Rhonda Farr was hypnotised by the scene before her, or at least that’s what she told herself later. How else could she explain watching a six-foot rabbit (or at least, a man in a rabbit costume) hop up to Trudy Florruci’s car, approach Trudy’s daughter, escort Ernie into a gold VW bug and drive away?
Distraught at her inaction, Rhonda involves herself in the subsequent investigation, and the more she sees the more strongly she’s reminded of the disappearance of another young girl from the small town of Pike’s Crossing, her childhood best friend Lizzy, and the more she thinks about that summer, viewing events through the filter of youth, and complicated by her still unrequited feelings for Lizzy’s brother Peter.
While the hunt for Ernie shapes and propels the plot, it is many ways a secondary storyline, as McMahon explores Rhonda’s personality, in many ways stunted, her life unexamined and on hold without her realising. This unique and interesting novel combines mystery with a more literary pastiche of past and present, as Rhonda uncovers truths about herself, about those closest to her, and as she begins to fear that there’s nobody she can truly trust.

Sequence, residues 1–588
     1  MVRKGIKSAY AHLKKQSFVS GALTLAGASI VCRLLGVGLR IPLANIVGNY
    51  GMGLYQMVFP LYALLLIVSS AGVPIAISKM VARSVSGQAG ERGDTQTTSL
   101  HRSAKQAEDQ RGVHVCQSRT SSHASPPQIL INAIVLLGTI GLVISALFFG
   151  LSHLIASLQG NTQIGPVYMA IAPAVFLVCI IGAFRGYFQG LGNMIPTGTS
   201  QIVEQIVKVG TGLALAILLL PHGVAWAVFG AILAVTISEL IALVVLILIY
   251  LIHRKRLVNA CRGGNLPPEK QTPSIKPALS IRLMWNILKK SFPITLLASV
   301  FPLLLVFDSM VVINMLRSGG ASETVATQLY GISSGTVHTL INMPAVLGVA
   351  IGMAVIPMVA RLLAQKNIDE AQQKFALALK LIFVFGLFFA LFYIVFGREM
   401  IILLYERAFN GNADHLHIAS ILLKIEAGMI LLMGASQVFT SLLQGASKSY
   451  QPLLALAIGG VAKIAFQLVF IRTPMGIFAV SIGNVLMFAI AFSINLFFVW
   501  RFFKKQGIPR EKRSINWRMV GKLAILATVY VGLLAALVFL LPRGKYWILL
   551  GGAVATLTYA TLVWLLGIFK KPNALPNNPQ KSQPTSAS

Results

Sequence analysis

The writing is certainly accessible, but though not an overtly heavy or ponderous book, Island of Lost Girls is far from light reading. I really liked McMahon’s voice and her interweaving of past and present. She was able to reveal truths to the adult eyes of readers that could be easily unseen by a child and by inattentive adults, and the emergence of facts if oblique and covert, making the reading experience rewarding. I anticipate tracking down her other works - Alex